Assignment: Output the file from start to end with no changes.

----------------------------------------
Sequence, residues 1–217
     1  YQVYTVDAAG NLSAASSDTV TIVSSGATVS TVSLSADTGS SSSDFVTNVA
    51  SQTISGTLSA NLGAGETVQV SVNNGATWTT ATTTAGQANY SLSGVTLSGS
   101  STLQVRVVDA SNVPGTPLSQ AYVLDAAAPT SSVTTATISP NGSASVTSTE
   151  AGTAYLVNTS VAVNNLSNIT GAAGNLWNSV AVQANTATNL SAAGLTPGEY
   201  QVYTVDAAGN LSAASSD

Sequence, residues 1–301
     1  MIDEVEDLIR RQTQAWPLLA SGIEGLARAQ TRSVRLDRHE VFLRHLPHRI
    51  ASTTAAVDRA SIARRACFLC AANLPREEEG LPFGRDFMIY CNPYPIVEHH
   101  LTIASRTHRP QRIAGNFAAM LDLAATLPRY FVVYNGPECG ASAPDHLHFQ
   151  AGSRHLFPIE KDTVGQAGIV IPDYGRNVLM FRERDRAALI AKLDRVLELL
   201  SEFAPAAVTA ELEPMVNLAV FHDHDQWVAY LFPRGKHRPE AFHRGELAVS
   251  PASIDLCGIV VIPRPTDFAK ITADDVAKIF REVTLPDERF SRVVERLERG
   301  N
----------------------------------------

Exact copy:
Sequence, residues 1–217
     1  YQVYTVDAAG NLSAASSDTV TIVSSGATVS TVSLSADTGS SSSDFVTNVA
    51  SQTISGTLSA NLGAGETVQV SVNNGATWTT ATTTAGQANY SLSGVTLSGS
   101  STLQVRVVDA SNVPGTPLSQ AYVLDAAAPT SSVTTATISP NGSASVTSTE
   151  AGTAYLVNTS VAVNNLSNIT GAAGNLWNSV AVQANTATNL SAAGLTPGEY
   201  QVYTVDAAGN LSAASSD

Sequence, residues 1–301
     1  MIDEVEDLIR RQTQAWPLLA SGIEGLARAQ TRSVRLDRHE VFLRHLPHRI
    51  ASTTAAVDRA SIARRACFLC AANLPREEEG LPFGRDFMIY CNPYPIVEHH
   101  LTIASRTHRP QRIAGNFAAM LDLAATLPRY FVVYNGPECG ASAPDHLHFQ
   151  AGSRHLFPIE KDTVGQAGIV IPDYGRNVLM FRERDRAALI AKLDRVLELL
   201  SEFAPAAVTA ELEPMVNLAV FHDHDQWVAY LFPRGKHRPE AFHRGELAVS
   251  PASIDLCGIV VIPRPTDFAK ITADDVAKIF REVTLPDERF SRVVERLERG
   301  N